6. Covenant Phases in the Bible
Thus far we have spoken of only three phases in the history of the one covenant. We must now divide the third phase into two parts. We can begin by looking at human life. Human beings do not die and become fully mature in glory while they are in their prime as adults. Rather, at some point human beings begin to lose their strength; they begin to die in preparation for their final death and transformation into glory. Sometimes this death begins with some kind of mid-life crisis. With women it is associated with menopause. When men it is associated with the loss of power and the realization that they will not accomplish everything they had hoped to accomplish when they were young.
This is when human beings start to become elders. Their kingly wisdom matures into prophecy, the ability to speak life-changing words. Their hair turns white, and white hair is glory (Revelation 1:14). Thus, at the very time human beings begin to lose their kingly power and ability to act, they increase in their God-like glory and power to speak.
We can see this in Israel’s history. When we look at the Kingdom period, we see that it started in kingly glory. Then it split, and then each kingdom became weaker and weaker as well as more and more sinful. It is as the kingly power of Israel diminishes that the prophets emerge in the Remnant period. There is still a kingly aspect, but the more mature prophetic phase of the covenant is becoming more and more important. The kingdom of God is maturing into eldership. Then comes the death of Israel, in the exile. After this, the Jews are no longer kings. They no longer have a nation of their own. They can no longer act. They are spread out into the nations as prophets. The Oikumenical age is an age exclusively of prophecy.
This small history of Israel is a type, a small pattern, of the history of humanity. We have moved from the priestly Old Creation to the kingly New Creation, but our kingship consists of words. It is a prophetic kind of kingship, and as history moves along the Church will become more and more mature as a prophetic host. Finally, after the day of judgment, the Church will be fully mature. There will not just be a new Israel, but a wholly transformed creation.
This is the pattern not only of human life and of Biblical history, but also the pattern of the history of the New Creation. We are only 2000 years into the New Creation, but already we can see the pattern in the history of the Western Church. The Church began with a priestly emphasis: worship and doctrine were paramount in the early church. With Constantine, we begin to enter a kingly phase. In the late Roman empire and early middle ages, not only were their Christian kings, but the Church also had power in society; the Church ruled in a kingly way. In the later middle ages and in the Renaissance, both the Christian kings and the Church began to weaken and become corrupt. Prophetic movements arose, like the teaching friars and the Hussites, culminating in the Protestant Reformation. With the Reformation, the unified Church in the West died and was resurrected. For a brief time, the Reformation and the Counter-reformation continued to exercise some degree of kingly power and there were Christian rulers. But since that time, the Church in the West has been exclusively prophetic. Power was lost, but proclamation remained. As the prophetic time in Israel degenerated into Pharisaism and Sadducceeism, so has the Church today. A new cycle is beginning, one the embraces far more of humanity that the earlier Western cycle did.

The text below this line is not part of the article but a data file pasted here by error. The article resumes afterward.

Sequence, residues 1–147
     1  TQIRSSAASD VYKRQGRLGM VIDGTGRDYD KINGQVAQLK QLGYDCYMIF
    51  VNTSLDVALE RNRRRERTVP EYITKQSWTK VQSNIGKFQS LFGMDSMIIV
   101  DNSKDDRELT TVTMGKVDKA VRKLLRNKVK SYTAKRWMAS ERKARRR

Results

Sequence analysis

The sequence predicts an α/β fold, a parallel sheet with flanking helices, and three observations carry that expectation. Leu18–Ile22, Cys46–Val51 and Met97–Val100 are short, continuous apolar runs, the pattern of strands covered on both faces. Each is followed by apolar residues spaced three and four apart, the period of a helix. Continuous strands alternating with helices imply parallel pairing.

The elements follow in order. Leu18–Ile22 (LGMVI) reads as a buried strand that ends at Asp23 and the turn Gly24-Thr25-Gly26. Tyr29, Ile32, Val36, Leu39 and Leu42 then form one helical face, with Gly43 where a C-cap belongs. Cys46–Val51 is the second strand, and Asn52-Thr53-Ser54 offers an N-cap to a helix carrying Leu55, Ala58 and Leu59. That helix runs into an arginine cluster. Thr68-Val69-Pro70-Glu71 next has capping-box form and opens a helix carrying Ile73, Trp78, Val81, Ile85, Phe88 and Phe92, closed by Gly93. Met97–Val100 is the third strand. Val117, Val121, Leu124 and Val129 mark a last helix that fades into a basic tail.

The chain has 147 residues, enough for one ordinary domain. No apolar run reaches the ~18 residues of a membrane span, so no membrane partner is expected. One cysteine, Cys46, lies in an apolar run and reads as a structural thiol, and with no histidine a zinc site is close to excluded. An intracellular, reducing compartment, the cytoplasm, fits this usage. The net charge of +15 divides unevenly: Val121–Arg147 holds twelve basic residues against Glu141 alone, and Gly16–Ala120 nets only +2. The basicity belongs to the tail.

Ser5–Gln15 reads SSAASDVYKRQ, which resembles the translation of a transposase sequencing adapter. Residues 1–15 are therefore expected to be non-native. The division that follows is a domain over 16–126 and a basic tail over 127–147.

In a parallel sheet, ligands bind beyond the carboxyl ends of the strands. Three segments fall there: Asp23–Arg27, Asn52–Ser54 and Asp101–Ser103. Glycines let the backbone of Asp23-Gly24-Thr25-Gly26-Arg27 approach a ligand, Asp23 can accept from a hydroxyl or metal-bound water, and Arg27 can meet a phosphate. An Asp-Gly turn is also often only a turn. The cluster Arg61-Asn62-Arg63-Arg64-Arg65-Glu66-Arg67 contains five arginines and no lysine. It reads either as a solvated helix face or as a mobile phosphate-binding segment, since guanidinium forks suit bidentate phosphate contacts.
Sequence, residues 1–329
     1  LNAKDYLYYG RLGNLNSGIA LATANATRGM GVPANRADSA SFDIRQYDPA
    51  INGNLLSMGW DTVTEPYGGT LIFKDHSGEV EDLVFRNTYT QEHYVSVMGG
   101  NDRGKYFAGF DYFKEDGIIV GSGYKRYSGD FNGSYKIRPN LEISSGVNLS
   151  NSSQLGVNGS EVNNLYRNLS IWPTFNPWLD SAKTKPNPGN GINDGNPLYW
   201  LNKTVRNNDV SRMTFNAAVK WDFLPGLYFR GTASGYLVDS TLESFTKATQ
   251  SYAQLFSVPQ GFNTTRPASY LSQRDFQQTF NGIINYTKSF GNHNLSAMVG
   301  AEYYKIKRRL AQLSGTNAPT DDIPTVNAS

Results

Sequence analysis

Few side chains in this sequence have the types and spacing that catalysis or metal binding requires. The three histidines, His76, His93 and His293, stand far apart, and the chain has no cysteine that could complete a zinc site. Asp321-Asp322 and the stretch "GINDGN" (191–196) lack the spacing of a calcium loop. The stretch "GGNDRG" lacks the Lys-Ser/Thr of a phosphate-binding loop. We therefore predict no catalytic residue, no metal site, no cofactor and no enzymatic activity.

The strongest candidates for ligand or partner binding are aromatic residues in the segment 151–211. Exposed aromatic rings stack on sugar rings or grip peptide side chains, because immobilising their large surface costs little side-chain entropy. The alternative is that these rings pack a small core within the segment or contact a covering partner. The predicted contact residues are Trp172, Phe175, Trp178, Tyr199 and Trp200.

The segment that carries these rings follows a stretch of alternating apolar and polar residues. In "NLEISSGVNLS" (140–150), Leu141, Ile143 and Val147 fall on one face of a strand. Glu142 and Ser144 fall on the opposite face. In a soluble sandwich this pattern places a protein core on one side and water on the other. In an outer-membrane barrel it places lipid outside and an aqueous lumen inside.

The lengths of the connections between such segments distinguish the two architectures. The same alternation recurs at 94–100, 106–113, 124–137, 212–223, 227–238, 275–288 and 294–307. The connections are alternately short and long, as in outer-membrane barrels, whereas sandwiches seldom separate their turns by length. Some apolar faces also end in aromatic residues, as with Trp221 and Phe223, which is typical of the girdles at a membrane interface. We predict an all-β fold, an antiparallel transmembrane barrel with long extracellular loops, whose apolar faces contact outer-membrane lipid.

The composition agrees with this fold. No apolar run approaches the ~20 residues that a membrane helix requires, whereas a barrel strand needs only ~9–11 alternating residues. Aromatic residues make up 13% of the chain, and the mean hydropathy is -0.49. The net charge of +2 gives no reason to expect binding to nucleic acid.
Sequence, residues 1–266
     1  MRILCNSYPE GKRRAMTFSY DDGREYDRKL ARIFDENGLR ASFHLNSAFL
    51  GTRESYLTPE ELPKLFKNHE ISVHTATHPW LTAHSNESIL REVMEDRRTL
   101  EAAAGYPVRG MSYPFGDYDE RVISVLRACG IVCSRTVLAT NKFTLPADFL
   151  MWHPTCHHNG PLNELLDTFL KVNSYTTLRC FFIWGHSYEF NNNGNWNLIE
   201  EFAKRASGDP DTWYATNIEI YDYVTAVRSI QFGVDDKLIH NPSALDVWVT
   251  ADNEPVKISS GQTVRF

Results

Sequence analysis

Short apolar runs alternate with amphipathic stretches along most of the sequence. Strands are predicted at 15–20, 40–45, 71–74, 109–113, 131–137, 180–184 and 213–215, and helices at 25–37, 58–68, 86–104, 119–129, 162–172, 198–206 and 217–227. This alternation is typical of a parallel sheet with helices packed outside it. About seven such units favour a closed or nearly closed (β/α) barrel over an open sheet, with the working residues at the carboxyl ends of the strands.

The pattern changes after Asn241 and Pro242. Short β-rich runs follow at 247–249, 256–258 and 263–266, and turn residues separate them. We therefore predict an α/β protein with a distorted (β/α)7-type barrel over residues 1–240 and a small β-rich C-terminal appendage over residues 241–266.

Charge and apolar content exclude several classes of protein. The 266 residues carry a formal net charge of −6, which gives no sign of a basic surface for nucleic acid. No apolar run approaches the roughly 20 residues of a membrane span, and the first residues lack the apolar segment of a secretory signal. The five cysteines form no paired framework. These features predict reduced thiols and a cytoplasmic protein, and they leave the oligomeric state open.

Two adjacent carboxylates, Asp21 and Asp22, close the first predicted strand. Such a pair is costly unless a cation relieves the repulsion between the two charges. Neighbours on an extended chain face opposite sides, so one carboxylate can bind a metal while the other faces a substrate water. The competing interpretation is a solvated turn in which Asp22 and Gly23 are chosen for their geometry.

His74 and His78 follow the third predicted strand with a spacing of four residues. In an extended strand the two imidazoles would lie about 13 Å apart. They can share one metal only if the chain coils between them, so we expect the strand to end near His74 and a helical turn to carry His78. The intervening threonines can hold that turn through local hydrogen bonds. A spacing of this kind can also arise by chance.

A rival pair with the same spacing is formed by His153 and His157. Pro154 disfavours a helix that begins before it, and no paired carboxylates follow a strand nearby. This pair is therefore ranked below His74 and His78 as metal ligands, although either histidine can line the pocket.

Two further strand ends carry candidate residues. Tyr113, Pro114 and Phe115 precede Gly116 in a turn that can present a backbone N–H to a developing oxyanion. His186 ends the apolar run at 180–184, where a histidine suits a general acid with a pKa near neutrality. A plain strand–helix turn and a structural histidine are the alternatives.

Let us draw together what we have learned. There is one covenant in three large phases. These phases of maturation in history reflect in time the eternal maturation of the Son by the work of the Spirit. These three phases can be characterized as:
1. Priestly, childhood
2. Kingly, adulthood
3a. Historical prophetic, eldership
3b. Full prophetic, resurrection in glory
These 3-4 phases of the one covenant cover all of human history, and they also cover the full course of the normal human life (that is, for people who do not die prematurely). These 3-4 phases also cover smaller periods of history at various levels, as God’s Spirit causes humanity to mature through expanding cycles.
We can now begin to become a bit more familiar with some of these smaller cycles, as they are presented to us in the Bible. Let us begin with the last four covenants of the Old Creation. The first is the Sinaitic Covenant, which set up the priesthood and gave the Law, and which extended to the time of Saul and David. The second is the Kingdom Covenant, which extended to the destruction of the kingdom of Judah under Nebuchadnezzar. The third is the Prophetic Covenant, which was inaugurated by Elijah and Elisha. This was a prophetic time toward the end of the kingdom time, before the death and resurrection of Israel. The prophets proclaimed the coming end of the old world, and provided visions of the world to come after the judgment on Judah and Israel. Then came the fourth, the Oikumenical Covenant, which is described in Ezekiel 40-48 symbolically, and which was fully inaugurated through the prophet Zechariah in Zechariah 1-6. This is the fourth phase, after the death and resurrection of the people.
We can also see these four phases in earlier history, though not associated so closely with particular covenantal eras. Adam was created to be a priest in the Garden. He was exiled into the Land, though he and his true sons remained essentially priests, offering worship to God. Cain went out and built a city, and thereby became the first king, though a false one. Toward the end of this period, the prophet Enoch began to prophesy judgment in the larger World as the sons of Seth began to marry the daughters of Cain. (Jude 14-15). Then after the death and resurrection of the world, Noah came as a prophet to set up the new world (Genesis 9:25-27).